Minneapolis, Minnesota

Last week, the Twin Cities hosted three dozen curators and presenters of dance hailing from domestic and international venues. These visitors attended showcase performances presented over five days by 50 contemporary dance makers and organizations based in this community.

One of those visitors, from New York City, works at bringing presenters from European venues to the U.S. to expose them to new or updated perspectives about the currents in dance on these shores. We spoke following three showcase presentations at the University of Minnesota’s Barbara Barker Center for Dance on Friday afternoon.

She observed that many of the conceptual modern dance works she had viewed during two days here – works based in Western styles and traditions and created by different choreographers – shared a distinct and apparently hermetic sameness. “I want to ask them,” she said, “what it is you think you are trying to communicate to me?” She added that it would be nice to send choreographers on the road across the country for a year just for the sake of their exposure to and challenge by other choreography.

I concurred with her comments about the similarities and, without conclusion, we speculated about the reasons for this seeming lack of diversity, and attributed some of it to the influence of the University of Minnesota’s Dance Program and the many dancers and choreographers it has trained to common purposes and loosed upon the community over the years. The visitor also wondered if the strong, close-knit dynamics of the old Minnesota Independent Choreographers Alliance might yet retain influence among dance makers and pick-up companies in the Twin Cities.

That conversation bore vestiges of another I had two weeks earlier with an accomplished, longtime choreographer and dance instructor. How, I asked, would she describe to a neophyte the differences between modern dance and jazz dance? Between modern and ballet? Between modern and post-modern?

Interestingly, none of her proffered descriptions cited splayed fingers, pointed feet, legs turned out or in, bent knees, or any other physical manifestations that would suggest visual images that one could use to make comparisons. It occurred to me as we talked that if the collective we have difficulty describing what we do by what it looks like, then we probably aren’t communicating all that well, verbally or through movement, about our esoteric choreographic intents.

“Huddle” • Jacob Melczer, Gabriel Anderson, John Beasant, Timmy Wagner • Dan Norman Photography

Whether or not they can explain why, most dance makers think they want and need an audience. Those who do not care if their work can be described want their audience to make of it whatever they will. Then, when audience members make little or nothing of it and return rarely, if at all, there is genuine perplexity about why. Sometimes, dance makers even blame the audience. I have mused about this for years.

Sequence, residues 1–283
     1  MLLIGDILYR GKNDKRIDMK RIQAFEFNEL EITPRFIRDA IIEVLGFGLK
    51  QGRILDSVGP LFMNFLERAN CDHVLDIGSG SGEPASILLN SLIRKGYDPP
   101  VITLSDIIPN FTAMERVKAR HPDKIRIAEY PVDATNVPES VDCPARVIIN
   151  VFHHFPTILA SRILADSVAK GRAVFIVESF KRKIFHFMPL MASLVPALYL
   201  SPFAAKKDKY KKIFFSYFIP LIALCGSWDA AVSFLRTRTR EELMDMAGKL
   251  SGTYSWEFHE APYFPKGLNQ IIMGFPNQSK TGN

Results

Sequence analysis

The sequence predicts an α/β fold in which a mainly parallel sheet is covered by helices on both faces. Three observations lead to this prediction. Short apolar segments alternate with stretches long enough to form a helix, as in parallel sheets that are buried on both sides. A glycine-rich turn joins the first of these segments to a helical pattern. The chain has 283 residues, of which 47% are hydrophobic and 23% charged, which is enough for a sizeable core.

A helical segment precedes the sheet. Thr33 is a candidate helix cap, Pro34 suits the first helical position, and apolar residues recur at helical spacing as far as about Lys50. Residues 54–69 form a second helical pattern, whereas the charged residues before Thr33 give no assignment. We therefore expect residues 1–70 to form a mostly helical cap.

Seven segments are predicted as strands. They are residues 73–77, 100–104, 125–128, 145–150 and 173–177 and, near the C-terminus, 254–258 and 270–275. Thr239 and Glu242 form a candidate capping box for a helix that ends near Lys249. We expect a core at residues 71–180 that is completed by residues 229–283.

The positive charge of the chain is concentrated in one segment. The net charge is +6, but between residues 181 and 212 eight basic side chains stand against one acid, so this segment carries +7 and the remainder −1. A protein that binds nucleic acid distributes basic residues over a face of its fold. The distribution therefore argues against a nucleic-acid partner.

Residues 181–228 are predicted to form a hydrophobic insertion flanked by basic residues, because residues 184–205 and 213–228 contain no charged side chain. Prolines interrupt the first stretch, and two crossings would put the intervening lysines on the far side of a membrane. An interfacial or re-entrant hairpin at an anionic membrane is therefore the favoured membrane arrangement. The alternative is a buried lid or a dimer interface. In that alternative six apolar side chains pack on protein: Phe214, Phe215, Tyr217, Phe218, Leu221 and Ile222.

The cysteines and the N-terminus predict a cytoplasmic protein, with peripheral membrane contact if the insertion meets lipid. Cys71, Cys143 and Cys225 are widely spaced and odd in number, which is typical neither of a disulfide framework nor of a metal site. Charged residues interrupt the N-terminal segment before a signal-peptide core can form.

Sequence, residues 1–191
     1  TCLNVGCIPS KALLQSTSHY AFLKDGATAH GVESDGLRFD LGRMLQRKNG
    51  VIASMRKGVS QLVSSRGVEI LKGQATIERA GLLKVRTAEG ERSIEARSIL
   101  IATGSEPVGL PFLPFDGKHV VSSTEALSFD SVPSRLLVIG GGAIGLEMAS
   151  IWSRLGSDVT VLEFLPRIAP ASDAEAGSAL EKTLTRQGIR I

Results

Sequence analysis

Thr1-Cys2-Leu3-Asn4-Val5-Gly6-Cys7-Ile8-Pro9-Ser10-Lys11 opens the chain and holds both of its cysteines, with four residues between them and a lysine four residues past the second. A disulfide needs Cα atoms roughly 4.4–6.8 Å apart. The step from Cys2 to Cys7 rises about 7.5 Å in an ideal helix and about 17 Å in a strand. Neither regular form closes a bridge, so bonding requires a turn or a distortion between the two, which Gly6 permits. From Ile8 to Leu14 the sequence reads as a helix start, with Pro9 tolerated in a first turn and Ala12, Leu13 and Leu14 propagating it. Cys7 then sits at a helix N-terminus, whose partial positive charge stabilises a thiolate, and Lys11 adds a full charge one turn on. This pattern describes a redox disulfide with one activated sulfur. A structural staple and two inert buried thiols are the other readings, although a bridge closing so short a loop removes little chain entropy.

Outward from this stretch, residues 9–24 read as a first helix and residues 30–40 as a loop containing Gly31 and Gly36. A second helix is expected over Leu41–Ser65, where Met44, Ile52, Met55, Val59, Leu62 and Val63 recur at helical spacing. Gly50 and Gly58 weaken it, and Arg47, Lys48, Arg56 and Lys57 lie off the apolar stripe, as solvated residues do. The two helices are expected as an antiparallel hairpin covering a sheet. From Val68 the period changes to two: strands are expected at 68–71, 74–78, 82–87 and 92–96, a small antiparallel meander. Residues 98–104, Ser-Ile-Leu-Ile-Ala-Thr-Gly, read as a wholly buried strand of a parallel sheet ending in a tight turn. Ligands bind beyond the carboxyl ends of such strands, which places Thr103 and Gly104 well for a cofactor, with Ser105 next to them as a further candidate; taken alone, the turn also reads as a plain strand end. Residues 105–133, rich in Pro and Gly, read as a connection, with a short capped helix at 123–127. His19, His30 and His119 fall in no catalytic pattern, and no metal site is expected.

My musings received fresh life following a recent visit to the Minneapolis Institute of Arts for its “Rembrandt in America” exhibit. The galleries were jammed elbow-to-elbow with an age, gender, and ethnic diversity that would do any outreach worker proud. People moved in an improvised dance more engrossing than many I have seen on stage. More than 105,000 tickets were issued during the run. Exhibit hours were extended for weeks on end. How many dance venues can claim such demand for an entire season let alone one show?

Were all 105,000 attendees experts about art, Dutch painting, and Rembrandt in particular? Did they know on arrival that some of these works were pretty good copies made by students? Assume that they were expert. Why then were so many led around by docents or by self-guided headphone tours? Why did so few fail to read the placard information on the walls? If the information, in whatever form, detracted from the quality of their experience, then why did they avail themselves of it? Did having the information make them unhappy, unappreciative, and less likely to return in the future?

The concept of differentiation, and the notion of describing, explaining, and analyzing it, is not foreign to Mathew Janczewski, a graduate who bounded out of the University of Minnesota to dance with the companies of Shapiro and Smith Dance and Danny Buraczeski’s Jazzdance before-and-while founding ARENA Dances as a vehicle for his own modern dance choreography.

“These Yellow Sands” • Dan Norman Photography

For 17 years, Janczewski has given account of himself and garnered invitations to teach and choreograph for colleges, universities, and other dance companies, commissions to create new works, and resources to create a body of work with – of late – a relatively consistent ensemble of dancers, most of them alums of the University of Minnesota or St. Olaf College. He has assembled a small but effective board of directors and a roster of nearly 70 individual annual donors.

His artist statement acknowledges a responsibility to his audience: “A central challenge in contemporary dance is the degree to which it has become rarefied and dislocated from the culture in which it exists. … I am deeply concerned with making my work relevant to the public that I am addressing.” One can laud his awareness and commitment while considering the degree of his success in meeting that challenge as he developed a signature movement style.

Janczewski always has used the big, broad and dramatic gesture to convey a range of abstract narratives and evoke honest, heart-on his-sleeve emotions. For example, if you are not seeing dancers move with contained torsos in bold, full-throated and circular patterns with high energy in the air and on the floor, with a straight leg extended every 10 seconds, and vertical leaps – often of trios that pop-stop for milliseconds at the top – every 30 seconds, you might question whether you are viewing ARENA Dances.

In a welcome evolution in recent years, he has added texture to his vocabulary and phrasing with smaller, more layered and nuanced movements. This evolution was evident in the program presented at the Cowles Center for Dance in Minneapolis this past weekend, where Saturday’s performance began five minutes late, following a three minute delay and two minutes of announcements.

For all five dances, Pearl Rea designed lighting and Sonya Berlovitz designed costumes.

Susie Bracken • “Les Petites Choses”